Why Marketing Is Tech’s New Darling

Larry Ellison’s recent interview on AdAge, Hey CMO: Larry Ellison and Oracle Want Your Business, was the single largest article of its kind, in which Ellison stated that the software business needs the marketing tech revenue stream. Ellison already has an impressive business, garnering $38.3 billion a year from IT departments. However, the current growth rate of that business is 3% year-over-year. Comparatively, the growth rate of marketing tech is far more aggressive.

Outsell reports a 25% year-over-year growth on all digital marketing in the US, estimated to be a $181 billion industry in 2014. As a second source, IDC Research forecasts a 23% growth rate for digital marketing. With those growth rates it’s no wonder that Ellison is spending a few billion on his marketing tech acquisitions. As a subset, digital advertising makes up $50 billion of that $181 billion and is growing at similar rates, which makes the $375 million BlueKai acquisition seem like a great deal (based on market opportunity, not existing revenue).

The cloud is not the endgame. It’s where everything should be connected.

Rightly so, Oracle understands how important the convergence of advertising and marketing tech will be, and the upcoming integration between Eloqua and BlueKai represents the strongest convergence between ad tech and marketing tech to date. According to Ellison, it’s valuable because, “We have all the service data, we have all the accounting data, we know what they bought, we know what they use. We have all the third-party data we collect from BlueKai.” While this is true, it glosses over BlueKai’s true unique asset: Its ability to transfer clients’ 1st party data from Service to Accounting to CRM to ad tech etc.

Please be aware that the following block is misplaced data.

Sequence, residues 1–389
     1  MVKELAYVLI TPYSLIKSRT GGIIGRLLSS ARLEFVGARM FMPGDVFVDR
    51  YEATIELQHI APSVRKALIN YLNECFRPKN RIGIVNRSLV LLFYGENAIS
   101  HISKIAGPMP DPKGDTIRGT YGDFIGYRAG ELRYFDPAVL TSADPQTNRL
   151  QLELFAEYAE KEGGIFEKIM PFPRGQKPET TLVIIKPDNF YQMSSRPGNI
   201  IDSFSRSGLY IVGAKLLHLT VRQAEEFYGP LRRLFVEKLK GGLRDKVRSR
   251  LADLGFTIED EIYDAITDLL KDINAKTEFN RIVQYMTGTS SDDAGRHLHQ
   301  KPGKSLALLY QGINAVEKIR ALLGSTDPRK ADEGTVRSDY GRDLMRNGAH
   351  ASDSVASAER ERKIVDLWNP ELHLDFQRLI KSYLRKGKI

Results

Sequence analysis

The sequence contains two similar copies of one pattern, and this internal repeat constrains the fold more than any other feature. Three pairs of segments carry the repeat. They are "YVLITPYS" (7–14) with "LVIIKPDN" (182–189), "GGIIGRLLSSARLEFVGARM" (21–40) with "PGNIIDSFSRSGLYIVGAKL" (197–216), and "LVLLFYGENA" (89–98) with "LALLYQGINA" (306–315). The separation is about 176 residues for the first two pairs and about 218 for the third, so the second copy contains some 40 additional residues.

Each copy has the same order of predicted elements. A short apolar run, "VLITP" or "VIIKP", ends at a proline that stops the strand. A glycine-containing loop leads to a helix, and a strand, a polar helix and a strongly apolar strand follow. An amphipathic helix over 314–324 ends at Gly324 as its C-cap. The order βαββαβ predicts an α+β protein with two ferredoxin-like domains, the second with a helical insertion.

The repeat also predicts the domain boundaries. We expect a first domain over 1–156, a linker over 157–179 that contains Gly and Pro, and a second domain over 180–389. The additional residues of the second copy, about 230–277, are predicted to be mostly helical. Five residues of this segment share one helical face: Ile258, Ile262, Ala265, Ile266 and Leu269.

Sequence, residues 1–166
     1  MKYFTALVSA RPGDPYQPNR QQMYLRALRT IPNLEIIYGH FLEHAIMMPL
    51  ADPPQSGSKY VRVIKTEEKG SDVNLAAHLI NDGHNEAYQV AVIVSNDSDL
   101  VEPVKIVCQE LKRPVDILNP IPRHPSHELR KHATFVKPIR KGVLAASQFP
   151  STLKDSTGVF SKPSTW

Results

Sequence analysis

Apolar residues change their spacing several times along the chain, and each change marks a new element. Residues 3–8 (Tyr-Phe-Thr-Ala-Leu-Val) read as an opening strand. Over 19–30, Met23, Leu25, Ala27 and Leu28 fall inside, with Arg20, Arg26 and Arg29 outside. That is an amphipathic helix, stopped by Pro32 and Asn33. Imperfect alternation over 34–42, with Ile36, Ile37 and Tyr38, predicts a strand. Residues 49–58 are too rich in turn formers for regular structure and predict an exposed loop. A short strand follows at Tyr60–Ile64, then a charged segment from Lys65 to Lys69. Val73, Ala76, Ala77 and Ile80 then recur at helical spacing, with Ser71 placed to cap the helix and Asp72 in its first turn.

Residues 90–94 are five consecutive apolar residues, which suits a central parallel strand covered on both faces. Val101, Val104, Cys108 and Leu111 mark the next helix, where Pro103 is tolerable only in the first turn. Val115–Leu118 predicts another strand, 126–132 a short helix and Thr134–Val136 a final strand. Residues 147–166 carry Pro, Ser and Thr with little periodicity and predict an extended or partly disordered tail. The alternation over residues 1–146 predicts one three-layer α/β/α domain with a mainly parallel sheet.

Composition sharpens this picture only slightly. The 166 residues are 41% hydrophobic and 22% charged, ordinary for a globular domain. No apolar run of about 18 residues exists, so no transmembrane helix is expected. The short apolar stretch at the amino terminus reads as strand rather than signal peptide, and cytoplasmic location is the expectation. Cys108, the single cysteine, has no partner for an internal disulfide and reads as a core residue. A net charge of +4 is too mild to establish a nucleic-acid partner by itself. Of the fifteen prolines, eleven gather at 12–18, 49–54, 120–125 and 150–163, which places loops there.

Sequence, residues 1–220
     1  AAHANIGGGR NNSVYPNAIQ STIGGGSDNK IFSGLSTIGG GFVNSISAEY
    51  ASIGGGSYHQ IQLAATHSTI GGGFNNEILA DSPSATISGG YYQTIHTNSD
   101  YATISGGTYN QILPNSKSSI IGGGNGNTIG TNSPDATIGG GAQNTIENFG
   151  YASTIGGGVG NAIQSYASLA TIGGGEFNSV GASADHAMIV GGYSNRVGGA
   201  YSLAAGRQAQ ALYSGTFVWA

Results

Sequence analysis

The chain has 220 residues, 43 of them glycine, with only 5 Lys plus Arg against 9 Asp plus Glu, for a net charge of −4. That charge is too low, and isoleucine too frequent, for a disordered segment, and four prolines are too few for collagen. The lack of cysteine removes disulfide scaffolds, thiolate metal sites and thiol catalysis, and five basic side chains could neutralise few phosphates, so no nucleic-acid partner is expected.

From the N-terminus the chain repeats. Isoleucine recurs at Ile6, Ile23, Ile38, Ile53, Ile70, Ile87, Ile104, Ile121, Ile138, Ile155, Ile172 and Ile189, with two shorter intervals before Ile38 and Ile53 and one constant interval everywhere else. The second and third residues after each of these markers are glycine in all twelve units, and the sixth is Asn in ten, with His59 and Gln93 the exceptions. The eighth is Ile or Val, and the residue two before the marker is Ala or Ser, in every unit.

The potential in that integration is huge. Imagine allowing a high value customer segment to be actionable across the full Oracle stack. That’s not just a Marketing Cloud offering. Having all that raw data to correlate is Cloud Nirvana.

That said, the marketing tech landscape is vast and diverse. Oracle has a monumental opportunity and offering, but they certainly aren’t the only ones in the game. There’s a lot of debate about which marketing cloud is “better” or “going to win,” but the reality is far more nuanced thanks to all the moving pieces and marketing technology.

What it comes down to is that if you ask the end customer if they would standardize all their primary technology to one large vendor, they would likely say no. There are three reasons why:

  1. The cost of switching is prohibitive; it would stop the revenue machine to make such big changes.
  2. Each business has specific needs that are addressed by the unique offerings of different technology. Unifying under one vendor can often mean compromising, which is unappealing at a time when there is so much choice.
  3. They need a diversified tech portfolio and prefer to have some leverage between their larger vendors.

The mostly likely outcome is that this arms race will not result in one winner. It will result in what I call the Agnostic Cloud, which not only allows buyers to choose best of breed technology in each silo but also provides a connective tissue between the silos regardless of which software titan is involved. For example, this would allow SFDC CRM to speak to Adobe Target and Oracle BlueKai.

Ultimately, the pie is big enough for all the companies mentioned above to thrive in their area of expertise. So when the software titans pitch their cloud, we should really be asking how many integration points they have. The cloud is not the endgame. It’s where everything should be connected.